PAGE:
COVID-19 reignites Iran sanctions debate


Fars News Agency

COVID-19 patients receive treatment at the Imam Khomeini Hospital in Tehran, Iran.

As the COVID-19 pandemic disrupts daily life worldwide, it has played an unexpected role in reviving the debate in American politics about sanctions on Iran.

The U.S. has a long history of sanctions against Iran, but most recently, the Trump administration withdrew from the Iran nuclear deal and imposed a fresh wave of sanctions in hopes of reforming Iran’s nuclear program, human rights record and actions in the Middle East. To date, the sanctions have cost $200 billion to the Iranian economy, mostly by decimating Iran’s oil exports.

Iran was one of the earliest countries to be hard-hit by the novel coronavirus. As of 10:32:29 a.m. today, it has at least 97,424 recorded cases and 6,203 confirmed deaths, with more cases potentially unreported (Johns Hopkins University CSSE).

With this crisis have come renewed calls for sanctions relief from the U.S. Iranian President Hassan Rouhani said, “It is a good time now for them to apologize for their wrongdoing. It is [a] humanitarian issue and nobody would rebuke them and ask why they retreated.” Economists see COVID-19 as a unique threat to Iran’s economy, projecting that Iran’s GDP will decrease by one-third as a result.

Iran has also reported shortages of medical equipment due to U.S. sanctions, inhibiting their ability to handle the influx of coronavirus patients. While the sanctions technically exempt medical equipment, the U.S. can apply secondary sanctions to companies and banks that do business with Iran, potentially creating a chilling effect that makes it difficult for Iran to buy equipment such as ventilators.

Iran’s call for relaxed sanctions has gained traction internationally from Russia, China, the European Union and various human rights groups. Domestically, over 30 Congressional Democrats led by Sen. Bernie Sanders and Rep. Alexandria Ocasio-Cortez signed a letter in late March asking President Donald Trump to relax sanctions. Presidential candidate and former Vice President Joe Biden also publicly called for sanctions relief.

“Pandemics know no borders,” Congressional Democrats wrote in the letter. “Allowing this crisis to become more dire in Iran threatens significant harm not only to the people of Iran but also to people in the United States and around the world.”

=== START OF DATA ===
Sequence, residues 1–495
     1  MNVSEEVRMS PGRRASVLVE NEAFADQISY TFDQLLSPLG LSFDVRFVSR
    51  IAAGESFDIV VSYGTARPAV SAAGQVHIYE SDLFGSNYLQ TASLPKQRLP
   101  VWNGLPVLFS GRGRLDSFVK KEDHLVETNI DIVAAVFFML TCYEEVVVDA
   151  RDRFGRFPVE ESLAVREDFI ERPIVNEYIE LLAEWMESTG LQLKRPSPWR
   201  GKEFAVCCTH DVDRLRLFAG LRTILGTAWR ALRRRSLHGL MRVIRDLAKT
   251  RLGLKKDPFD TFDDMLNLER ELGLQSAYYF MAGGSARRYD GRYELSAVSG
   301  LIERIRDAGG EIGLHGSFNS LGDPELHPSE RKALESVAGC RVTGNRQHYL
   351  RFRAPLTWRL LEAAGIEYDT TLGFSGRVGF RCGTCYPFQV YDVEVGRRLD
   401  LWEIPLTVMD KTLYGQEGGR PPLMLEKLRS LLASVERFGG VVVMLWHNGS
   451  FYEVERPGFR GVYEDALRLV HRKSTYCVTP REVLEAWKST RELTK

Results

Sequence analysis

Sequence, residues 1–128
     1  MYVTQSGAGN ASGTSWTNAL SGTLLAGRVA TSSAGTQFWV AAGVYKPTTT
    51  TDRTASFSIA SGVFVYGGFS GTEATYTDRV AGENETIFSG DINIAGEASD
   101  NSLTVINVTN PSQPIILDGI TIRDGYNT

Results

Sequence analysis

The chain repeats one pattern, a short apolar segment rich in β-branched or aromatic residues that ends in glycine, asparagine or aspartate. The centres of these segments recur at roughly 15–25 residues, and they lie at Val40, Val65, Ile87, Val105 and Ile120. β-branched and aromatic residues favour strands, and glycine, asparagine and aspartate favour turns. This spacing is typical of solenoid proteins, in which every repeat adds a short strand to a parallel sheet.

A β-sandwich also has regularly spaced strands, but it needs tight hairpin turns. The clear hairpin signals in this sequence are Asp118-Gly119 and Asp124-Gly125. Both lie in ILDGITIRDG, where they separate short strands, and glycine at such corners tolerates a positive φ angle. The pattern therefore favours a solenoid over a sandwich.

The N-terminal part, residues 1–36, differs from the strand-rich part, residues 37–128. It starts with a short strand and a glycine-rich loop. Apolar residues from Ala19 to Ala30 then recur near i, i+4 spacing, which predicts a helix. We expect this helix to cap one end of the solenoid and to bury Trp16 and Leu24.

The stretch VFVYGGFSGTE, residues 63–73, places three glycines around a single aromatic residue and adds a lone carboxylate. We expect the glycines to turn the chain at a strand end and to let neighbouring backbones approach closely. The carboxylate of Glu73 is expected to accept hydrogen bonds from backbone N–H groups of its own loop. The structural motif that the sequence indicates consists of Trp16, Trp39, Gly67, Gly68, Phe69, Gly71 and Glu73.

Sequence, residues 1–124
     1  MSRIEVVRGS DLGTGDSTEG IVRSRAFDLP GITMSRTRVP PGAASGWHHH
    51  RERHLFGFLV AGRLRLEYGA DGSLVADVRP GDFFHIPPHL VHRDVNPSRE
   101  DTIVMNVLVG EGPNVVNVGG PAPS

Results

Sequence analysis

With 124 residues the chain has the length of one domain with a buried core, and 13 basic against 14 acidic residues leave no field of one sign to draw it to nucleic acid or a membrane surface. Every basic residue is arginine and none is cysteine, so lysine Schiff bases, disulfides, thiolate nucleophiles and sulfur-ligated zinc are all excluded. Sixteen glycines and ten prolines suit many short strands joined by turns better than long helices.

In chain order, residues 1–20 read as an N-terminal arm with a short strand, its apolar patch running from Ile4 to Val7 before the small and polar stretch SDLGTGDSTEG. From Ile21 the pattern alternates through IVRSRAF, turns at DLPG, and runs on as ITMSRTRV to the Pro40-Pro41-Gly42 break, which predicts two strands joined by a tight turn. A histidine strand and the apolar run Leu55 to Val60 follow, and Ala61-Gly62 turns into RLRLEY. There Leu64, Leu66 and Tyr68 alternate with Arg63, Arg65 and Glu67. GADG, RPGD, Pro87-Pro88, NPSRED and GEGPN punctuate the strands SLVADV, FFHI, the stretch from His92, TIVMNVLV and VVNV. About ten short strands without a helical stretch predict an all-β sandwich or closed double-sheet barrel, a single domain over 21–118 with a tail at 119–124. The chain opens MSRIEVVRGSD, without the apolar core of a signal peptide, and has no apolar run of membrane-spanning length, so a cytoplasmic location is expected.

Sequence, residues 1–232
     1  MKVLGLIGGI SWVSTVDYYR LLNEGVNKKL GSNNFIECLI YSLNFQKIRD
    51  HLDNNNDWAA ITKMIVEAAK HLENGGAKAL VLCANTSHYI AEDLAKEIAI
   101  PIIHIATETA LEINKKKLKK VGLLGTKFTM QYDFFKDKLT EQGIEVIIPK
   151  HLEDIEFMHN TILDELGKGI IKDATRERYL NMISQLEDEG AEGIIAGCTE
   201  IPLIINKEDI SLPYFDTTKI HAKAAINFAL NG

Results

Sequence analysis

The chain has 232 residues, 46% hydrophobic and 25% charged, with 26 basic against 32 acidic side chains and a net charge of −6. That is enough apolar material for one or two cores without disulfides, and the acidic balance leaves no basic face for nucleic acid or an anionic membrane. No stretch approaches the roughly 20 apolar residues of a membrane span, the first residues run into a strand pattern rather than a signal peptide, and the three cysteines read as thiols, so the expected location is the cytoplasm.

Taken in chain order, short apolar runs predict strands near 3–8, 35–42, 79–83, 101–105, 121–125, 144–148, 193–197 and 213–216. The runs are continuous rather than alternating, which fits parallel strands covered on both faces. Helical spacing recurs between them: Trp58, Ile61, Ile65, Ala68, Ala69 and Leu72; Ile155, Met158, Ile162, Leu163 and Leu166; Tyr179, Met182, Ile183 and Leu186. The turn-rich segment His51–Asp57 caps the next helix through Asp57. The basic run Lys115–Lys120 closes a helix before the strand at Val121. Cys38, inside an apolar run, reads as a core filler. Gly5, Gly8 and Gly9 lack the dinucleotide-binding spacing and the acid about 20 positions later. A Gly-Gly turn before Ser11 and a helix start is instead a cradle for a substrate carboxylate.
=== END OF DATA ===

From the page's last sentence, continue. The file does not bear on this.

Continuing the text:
Opponents of Trump’s Iran policy argue that the sanctions unfairly penalize Iranian citizens by hurting their economy while doing little to change the Iranian government’s behavior. Since his withdrawal from the Iran nuclear deal and subsequent ramping up of sanctions, tensions between Iran and the U.S. have only increased, and Iran has not stopped its support of militant groups in countries such as Yemen.

In contrast, proponents of sanctions oppose capitulating to Iran’s demands, arguing that Iran is using COVID-19 as a bargaining chip to shirk responsibility for their dangerous actions in the Middle East. They see sanctions relief as less of a humanitarian gesture and more of a ploy to enrich the regime’s leaders with oil revenues. On March 28, Secretary of State Mike Pompeo tweeted that Iran’s request for sanctions relief “isn’t about fighting the pandemic. It’s about cash for the regime leaders.”

Opponents of sanctions relief also point to missteps in the Iranian government’s disease response as the main reason why Iran was impacted so severely by the outbreak. While Iran was one of the first nations outside of China to face a COVID-19 outbreak in early February, the government has faced criticism of downplaying the threat, not instituting social distancing guidelines nor a lockdown until late March. Additionally, while the U.S. government offered medical aid, the Iranian government refused, likely because of the poor optics of accepting help from America.

Subsequently, this response has led many in the Trump administration to argue that the government’s mismanagement, not U.S. sanctions, is to blame for the humanitarian crisis in Iran. Pompeo further said that by asking for relaxed sanctions, Iran’s politicians were “trying to avoid responsibility for their grossly incompetent and deadly governance.”

Ultimately, while continued U.S. sanctions on Iran have sparked backlash and calls for leniency both internationally and domestically, it seems unlikely that the Trump administration will back down, given its emphasis on a maximum-pressure campaign. For now, conditions continue to deteriorate in Iran and in the Middle East as a whole, leaving U.S. foreign policy under question.